Oct 5, 2020
In the show, I welcome Victor Urrutia, the CEO of the Compañia
Vinícola del Norte de España (CVNE) one of the most famed
bodegas in Rioja, which has been around since 1879. Victor is part
of the 5th generation of a family that has run CVNE
(said coo-NAY) for 141 years. We discuss the storied history of
this classic, traditional, high quality bodega, and probe into a
dozen other Rioja-related topics.
Victor and I cover many subjects, and I was thrilled to have him
- it’s been really hard for me to find Spanish producers to come on
the show and he comes from one of the most historic, classic, and
outstanding bodegas in Rioja (I drink A LOT of CVNE!).
Here’s a high level of what you’ll find in the show:
- Victor tells us the story of his family in Rioja and in wine,
and his circuitous route to becoming a leader that combines a
progressive attitude with a strong respect for tradition.
- We dork out on the Rioja region. Victor tells us all about what
is important and what is not in the world of Rioja wine. We discuss
the three major regions (Alta, Alavesa, Baja/Oriental) and how they
differ in geography, grape types, and traditions.
- We hit on climate, climate change, and the land that surrounds
- Victor compares Rioja to Champagne (at first I was skeptical,
but I see his point now and you will too) and the movement towards
single vineyard wines to the grower movement. We have a nerdy
discussion about Italians in Barolo, the French in Champagne, and
the Riojanos and how all these regions share much common ground (I
promise, it comes together!).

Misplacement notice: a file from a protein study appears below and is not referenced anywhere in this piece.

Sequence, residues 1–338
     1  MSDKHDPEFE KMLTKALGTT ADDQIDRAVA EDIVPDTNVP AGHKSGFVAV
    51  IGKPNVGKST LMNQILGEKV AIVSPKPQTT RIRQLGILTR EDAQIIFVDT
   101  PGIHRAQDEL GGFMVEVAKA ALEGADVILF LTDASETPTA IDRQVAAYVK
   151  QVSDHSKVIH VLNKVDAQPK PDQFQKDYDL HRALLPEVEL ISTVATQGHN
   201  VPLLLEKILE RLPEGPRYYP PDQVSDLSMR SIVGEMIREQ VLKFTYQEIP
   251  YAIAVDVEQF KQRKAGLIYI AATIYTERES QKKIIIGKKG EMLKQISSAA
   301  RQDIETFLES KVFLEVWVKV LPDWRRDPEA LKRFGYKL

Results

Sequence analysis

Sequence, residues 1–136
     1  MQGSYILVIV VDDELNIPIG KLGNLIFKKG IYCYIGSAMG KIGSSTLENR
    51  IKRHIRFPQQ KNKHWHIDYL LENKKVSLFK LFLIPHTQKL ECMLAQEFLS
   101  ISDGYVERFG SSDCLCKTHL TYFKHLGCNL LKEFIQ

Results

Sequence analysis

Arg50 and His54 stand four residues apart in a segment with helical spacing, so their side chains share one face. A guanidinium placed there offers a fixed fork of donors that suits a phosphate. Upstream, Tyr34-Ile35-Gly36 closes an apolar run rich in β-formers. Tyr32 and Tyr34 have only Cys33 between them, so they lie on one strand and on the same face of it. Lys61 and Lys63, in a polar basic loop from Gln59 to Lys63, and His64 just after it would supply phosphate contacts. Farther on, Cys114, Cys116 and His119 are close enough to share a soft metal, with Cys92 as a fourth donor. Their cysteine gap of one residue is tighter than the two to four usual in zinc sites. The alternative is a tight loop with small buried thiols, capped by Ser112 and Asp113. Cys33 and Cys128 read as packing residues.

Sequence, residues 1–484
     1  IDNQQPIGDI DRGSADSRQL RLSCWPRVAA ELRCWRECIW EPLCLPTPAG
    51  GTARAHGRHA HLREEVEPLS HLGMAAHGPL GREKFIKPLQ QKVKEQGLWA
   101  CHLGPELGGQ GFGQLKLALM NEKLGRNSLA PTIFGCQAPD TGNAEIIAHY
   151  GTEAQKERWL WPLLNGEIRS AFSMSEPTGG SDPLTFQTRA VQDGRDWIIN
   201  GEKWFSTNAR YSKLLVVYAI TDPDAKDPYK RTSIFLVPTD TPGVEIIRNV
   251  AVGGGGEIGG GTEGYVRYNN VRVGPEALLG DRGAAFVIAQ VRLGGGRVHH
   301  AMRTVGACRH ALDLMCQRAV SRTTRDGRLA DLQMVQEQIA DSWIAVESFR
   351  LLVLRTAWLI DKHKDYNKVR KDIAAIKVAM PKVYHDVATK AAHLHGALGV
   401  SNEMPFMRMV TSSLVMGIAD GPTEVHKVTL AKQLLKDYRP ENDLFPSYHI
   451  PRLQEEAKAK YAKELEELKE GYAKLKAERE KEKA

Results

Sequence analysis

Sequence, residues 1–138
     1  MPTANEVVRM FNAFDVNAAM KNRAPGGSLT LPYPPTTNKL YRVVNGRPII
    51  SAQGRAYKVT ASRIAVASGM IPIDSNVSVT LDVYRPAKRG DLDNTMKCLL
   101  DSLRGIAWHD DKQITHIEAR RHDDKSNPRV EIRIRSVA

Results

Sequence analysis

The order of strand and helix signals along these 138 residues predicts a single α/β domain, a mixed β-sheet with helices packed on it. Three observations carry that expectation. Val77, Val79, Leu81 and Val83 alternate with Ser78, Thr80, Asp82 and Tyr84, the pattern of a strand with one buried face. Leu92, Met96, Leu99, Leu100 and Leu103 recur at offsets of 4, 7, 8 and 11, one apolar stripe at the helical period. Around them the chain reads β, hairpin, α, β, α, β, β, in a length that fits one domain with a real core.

- Victor tells us about the differences between the four brands
under the CVNE umbrella in short:
- CVNE is the flagship brand. Grapes come
from both Rioja Alta and Rioja Alavesa, and from warmer and cooler
climates to make highly drinkable, tasty wine. CVNE is made every
year, and is made in a traditional style. It is a classic Rioja
which changes with vintage, but never wavers on quality.
- Imperial is Reserva and Gran Reserva
only. These wines are structured, excellent for aging, and only
made in the best years from estate grown fruit in Rioja Alta. First
made in the 1920s, these wines are the benchmark style of classic
Rioja for many familiar with the region.
- Viña Real was also launched in the
1920s, but it is more fruit forward, has a stronger new oak
component and a higher percentage of Garnacha to make it more fruit
forward and “modern” in style. Grapes come from Rioja Alavesa.
- Contino is CVNE’s single vineyard
brand, established in 1973. These wines are reflective of the site
in Rioja Alavesa and are usually more fruit forward and powerful
than either Imperial or Viña Real.
- Monopole is the white wine we mention, that has
a portion of Sherry blended in, representing the old school style.
We end with a few business questions about how Spain invested to
become such a force in the modern wine world, the future of Rioja
if Alavesa (which is located squarely in Basque country) was to
separate from the larger region, and the plans for CVNE,
which involve never being satisfied and always doing better (an
This is a lively, unique look at Rioja. Take a listen then try
these wines – I have been a pretty loyal drinker for years and I
can promise that if you like Rioja, these will wow you!
And register for current classes at: www.winefornormalpeople.com/classes
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